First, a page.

For first time parents, everything is new; everything is a first, and everything is a milestone. Baby’s first meal, first crawl, first step and on and on. They’re all terrific, but what I also remember about becoming a new father was my first worries, the wide ranging worries from sniffles, to keeping my child safe to paying for college.

One of the scariest things about having a newborn is one of the hardest to comprehend: unexpected death. Each year more than 4,000 infants die suddenly of no obvious cause in the United States.

According to the Centers for Disease Control and Prevention, about half of these events are due to Sudden Infant Death Syndrome (SIDS), which is the leading cause of death among infants aged 1 to 12 months.

Often, an autopsy alone cannot explain these deaths without investigating the scene and reviewing the infant’s medical history. Doctors and researchers don’t know the exact causes of SIDS. However, research shows that parents and caregivers can take to reduce the risk of happening.

The New Mexico Department of Health reports 94 SIDS deaths over the past five years. It’s why NMDoH promotes Safe Sleep, a public education campaign. The campaign, now in its 20th year, provides answers about SIDS to both health providers and parents. Also, October is SIDS Awareness Month, a time where as much awareness about SIDS is generated as possible by the medical community.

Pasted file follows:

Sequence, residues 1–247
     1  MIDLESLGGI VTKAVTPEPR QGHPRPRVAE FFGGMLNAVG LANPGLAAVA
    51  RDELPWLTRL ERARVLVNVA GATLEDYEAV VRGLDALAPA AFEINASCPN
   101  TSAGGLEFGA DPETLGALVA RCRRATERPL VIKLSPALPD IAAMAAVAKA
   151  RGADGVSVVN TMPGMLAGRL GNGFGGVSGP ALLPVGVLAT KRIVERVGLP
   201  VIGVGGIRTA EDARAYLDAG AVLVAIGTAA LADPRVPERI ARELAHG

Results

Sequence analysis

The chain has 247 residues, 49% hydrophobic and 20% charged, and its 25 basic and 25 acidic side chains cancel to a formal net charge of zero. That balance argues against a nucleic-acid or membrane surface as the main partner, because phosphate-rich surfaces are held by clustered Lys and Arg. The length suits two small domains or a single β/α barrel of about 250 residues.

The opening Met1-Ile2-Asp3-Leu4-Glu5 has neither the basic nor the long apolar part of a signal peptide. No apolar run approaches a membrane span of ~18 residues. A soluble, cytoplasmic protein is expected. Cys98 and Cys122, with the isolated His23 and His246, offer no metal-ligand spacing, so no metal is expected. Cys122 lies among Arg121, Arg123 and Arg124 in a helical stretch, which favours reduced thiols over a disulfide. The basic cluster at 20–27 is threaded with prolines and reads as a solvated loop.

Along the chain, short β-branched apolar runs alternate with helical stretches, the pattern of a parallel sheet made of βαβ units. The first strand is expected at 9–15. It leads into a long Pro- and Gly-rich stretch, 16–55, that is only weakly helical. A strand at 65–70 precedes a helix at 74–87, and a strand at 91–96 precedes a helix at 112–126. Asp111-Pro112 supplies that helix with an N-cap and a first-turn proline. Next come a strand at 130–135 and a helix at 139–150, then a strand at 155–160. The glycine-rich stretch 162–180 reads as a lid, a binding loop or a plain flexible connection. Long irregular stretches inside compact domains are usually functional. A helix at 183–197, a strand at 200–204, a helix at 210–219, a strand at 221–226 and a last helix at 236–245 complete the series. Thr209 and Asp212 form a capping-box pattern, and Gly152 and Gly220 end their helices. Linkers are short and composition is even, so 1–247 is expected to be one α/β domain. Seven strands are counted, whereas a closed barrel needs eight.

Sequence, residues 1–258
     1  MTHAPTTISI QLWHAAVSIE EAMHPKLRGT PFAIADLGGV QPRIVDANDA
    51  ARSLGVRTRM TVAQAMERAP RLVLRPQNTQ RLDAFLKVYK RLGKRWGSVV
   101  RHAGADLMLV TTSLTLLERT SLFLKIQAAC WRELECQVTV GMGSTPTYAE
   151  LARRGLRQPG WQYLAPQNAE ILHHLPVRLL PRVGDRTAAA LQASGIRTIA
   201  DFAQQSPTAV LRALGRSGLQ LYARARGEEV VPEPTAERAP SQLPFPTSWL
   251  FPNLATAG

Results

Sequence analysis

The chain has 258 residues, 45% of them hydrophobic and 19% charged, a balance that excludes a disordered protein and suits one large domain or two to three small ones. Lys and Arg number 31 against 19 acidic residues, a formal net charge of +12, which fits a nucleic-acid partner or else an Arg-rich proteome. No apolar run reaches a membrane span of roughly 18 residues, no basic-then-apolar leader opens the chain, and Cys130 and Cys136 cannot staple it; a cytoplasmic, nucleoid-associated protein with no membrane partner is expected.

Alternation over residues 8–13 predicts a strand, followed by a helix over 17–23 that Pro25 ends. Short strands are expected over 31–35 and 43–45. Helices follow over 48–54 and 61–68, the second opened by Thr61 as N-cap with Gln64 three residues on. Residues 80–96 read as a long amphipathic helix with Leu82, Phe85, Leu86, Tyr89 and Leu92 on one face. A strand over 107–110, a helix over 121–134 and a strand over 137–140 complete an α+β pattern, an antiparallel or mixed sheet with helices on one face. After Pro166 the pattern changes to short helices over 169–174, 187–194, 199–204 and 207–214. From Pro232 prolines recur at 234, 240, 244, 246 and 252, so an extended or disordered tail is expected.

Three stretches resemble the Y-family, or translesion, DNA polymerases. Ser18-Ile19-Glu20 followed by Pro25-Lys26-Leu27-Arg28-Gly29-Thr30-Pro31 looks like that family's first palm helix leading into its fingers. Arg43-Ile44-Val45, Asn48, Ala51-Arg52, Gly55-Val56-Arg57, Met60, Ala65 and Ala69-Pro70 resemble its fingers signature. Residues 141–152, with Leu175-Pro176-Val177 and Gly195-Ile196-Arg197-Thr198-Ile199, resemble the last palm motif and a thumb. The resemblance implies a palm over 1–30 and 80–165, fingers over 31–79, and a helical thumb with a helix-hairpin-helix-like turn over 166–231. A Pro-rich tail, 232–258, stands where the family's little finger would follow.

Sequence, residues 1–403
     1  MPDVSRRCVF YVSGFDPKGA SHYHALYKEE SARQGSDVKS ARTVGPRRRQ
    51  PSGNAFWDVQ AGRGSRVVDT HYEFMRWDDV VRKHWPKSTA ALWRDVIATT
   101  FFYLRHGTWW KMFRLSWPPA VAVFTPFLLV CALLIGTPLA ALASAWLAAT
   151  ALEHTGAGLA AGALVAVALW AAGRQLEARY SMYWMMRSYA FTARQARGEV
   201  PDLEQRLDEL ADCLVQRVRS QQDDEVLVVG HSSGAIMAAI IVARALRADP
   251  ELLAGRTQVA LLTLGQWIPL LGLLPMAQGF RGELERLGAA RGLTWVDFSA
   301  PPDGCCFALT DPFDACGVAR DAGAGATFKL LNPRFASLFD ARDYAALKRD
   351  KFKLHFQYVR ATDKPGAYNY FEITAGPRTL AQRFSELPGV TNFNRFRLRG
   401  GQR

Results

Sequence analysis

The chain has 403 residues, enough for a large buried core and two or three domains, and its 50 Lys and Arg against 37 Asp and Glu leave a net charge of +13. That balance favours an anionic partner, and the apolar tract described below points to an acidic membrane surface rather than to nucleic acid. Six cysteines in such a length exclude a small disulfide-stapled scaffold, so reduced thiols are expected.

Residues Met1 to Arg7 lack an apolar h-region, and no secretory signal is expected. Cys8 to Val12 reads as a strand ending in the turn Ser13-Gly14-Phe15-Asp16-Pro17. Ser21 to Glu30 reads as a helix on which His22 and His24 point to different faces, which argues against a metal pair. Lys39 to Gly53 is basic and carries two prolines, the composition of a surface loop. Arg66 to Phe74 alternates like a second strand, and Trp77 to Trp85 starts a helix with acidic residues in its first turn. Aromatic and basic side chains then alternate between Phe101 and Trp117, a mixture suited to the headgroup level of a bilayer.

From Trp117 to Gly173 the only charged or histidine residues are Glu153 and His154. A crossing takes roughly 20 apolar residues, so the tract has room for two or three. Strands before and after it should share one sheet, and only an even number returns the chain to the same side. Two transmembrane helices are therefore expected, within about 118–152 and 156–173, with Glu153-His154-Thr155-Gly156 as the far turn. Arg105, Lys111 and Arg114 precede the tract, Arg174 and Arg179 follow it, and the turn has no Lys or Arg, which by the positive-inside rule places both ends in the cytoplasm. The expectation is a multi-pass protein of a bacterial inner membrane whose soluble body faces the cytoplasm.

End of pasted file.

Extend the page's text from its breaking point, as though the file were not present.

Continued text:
New studies and research suggest that some SIDS babies are born with brain abnormalities that make them susceptible to SIDS as infants. These studies have shown that many SIDS infants have abnormalities in the portion of their brain that controls breathing and waking during sleep. Babies born with other brain or body defects may also be more prone to sudden death. Other studies have suggested that lower serotonin levels may also play a role in SIDS.

While the cause is still unclear, NMDoH and the CDC offer the following actions to help reduce the risk of SIDS and other sleep-related causes of infant death:

• Always place babies on their backs to sleep for every sleep.

• Use a firm sleep surface, such as a mattress in a safety-approved crib, covered by a fitted sheet.

• Have the baby share your room, not your bed. Your baby should not sleep in an adult bed, on a couch, or on a chair alone, with you, or with anyone else.

• Keep soft objects such as pillows and loose bedding out of your baby’s sleep area.

• Do not smoke during pregnancy or around the baby because these are important risk factors for SIDS. The risk of SIDS is even stronger when a baby shares a bed with a smoker. To reduce risk, do not smoke during pregnancy, and do not smoke or allow smoking around your baby. For help in quitting, call the quitline at 1-800-QUIT-NOW (1-800-784-8669), for Spanish call 1-855-DEJELO-YA.

In addition to raising awareness preventing SIDS, the Department of Health also wants to remind you no-cost drive through flu vaccinations are available from 8 a.m. to 2 p.m. Saturday, Oct. 31, at Memorial Medical Center or while supplies last. For information call 575-528-5197 and to complete you consent forms ahead of time, visit www.mmclc.org/fluclinic.

David Morgan writes for the New Mexico Department of Health. Learn more about NMDoH by logging onto NMHealth.org. New Mexico Department of Health can also be found on Facebook, Twitter, YouTube,  Google+, Instagram, LinkedIn and Tumblr.